The Ubiquitous Stretch
If you ask Dr Google for advice on how to recover from a musculoskeletal injury, you will find page after page of advice on stretching, articles about stretching, videos demonstrating stretching and exercise sheets detailing various stretches for your particular issue. Most people stretch because they believe it will help prevent injury or because they think it will make their muscles feel less sore after exercise. If you go to an exercise class at a gym, stretching is often included as part of the warm-up and the cool-down routine.
Despite such widespread use, it may surprise you to hear that there is hardly any scientifically verified benefits to stretching. The scientific data suggests that stretching has little benefit and for the prevention of injuries and muscle pain it is not effective at all.
What is the Alternative?
There is plenty of evidence to suggest that a specific form of muscle loading is a far more effective alternative, a practice known as ‘eccentric loading’. Eccentric loading occurs when a force lengthens a muscle-tendon system while it is being contracted. So for a hamstring exercise, you could lie down and use an elasticated exercise band to raise the leg while you gently resist. This has the effect of taking the hamstrings through their range of movement under gentle load rather than simply stretching them – this would be more effective than the traditional hamstring stretch that is normally done standing up. Eccentric loading exercises have been proven to improve flexibility, strength, performance and injury reduction.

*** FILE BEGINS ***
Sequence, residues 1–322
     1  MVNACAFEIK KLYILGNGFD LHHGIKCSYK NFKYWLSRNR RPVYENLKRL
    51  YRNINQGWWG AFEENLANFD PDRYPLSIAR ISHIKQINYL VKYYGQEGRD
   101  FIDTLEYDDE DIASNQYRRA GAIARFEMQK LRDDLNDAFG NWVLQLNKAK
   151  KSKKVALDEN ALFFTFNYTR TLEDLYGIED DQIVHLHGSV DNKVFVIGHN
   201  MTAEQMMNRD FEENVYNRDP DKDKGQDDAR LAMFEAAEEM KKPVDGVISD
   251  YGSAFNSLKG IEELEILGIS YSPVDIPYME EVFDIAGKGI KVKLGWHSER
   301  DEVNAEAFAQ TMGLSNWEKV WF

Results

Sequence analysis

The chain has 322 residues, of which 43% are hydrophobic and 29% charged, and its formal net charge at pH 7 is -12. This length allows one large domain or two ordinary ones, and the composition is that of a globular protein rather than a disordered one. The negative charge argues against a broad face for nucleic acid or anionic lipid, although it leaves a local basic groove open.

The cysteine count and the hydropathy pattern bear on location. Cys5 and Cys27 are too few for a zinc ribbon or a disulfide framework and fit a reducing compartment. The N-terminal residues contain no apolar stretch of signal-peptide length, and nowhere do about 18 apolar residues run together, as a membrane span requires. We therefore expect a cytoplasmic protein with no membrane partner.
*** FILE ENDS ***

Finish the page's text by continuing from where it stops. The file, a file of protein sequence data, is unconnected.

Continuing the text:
What about back pain?
When we think about back pain, the natural assumption is to think that the muscles in the back are contracted and need to be stretched. But that is not strictly the case. The muscles in the back are incredibly strong and back pain is not caused by these muscles contracting, it is caused when these strong muscles become stiff and less flexible.
When something has become stiff and less flexible, stretching is not the answer. The answer is to down regulate the stiffness through small, controlled movements. With that in mind, the most important thing to do for our backs when it comes to exercise is to warm up and cool down appropriately with gentle, controlled movements to encourage the stiffness to soften and to encourage blood supply into the stiff muscles, and put far less emphasis on stretching.